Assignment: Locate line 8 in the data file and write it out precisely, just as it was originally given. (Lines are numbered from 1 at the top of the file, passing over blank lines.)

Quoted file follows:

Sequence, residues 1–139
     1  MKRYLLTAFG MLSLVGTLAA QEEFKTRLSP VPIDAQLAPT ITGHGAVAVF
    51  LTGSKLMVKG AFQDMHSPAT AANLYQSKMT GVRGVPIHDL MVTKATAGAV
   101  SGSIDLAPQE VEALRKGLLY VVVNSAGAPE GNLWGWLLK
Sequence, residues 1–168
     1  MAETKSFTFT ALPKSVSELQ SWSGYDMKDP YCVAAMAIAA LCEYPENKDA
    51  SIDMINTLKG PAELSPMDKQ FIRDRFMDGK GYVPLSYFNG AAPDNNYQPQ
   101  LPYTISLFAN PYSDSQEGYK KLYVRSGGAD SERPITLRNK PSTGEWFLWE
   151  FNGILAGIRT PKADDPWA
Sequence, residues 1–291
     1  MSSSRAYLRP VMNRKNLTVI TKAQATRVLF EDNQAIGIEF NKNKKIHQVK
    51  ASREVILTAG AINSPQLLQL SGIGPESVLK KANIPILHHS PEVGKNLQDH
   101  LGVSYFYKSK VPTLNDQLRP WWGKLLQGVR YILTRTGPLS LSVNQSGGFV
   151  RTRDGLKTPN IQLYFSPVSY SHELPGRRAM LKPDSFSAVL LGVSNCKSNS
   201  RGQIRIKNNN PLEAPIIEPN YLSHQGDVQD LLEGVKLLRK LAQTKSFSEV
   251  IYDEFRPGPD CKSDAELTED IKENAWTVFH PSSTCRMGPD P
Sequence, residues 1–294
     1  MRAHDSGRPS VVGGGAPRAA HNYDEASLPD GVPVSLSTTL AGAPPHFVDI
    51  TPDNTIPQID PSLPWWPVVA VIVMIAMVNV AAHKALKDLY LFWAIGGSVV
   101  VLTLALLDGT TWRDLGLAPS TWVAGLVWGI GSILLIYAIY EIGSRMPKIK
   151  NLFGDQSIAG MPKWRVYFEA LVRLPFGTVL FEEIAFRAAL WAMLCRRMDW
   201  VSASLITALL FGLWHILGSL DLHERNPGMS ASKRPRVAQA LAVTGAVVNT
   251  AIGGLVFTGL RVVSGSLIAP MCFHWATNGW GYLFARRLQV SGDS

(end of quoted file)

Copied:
   101  LPYTISLFAN PYSDSQEGYK KLYVRSGGAD SERPITLRNK PSTGEWFLWE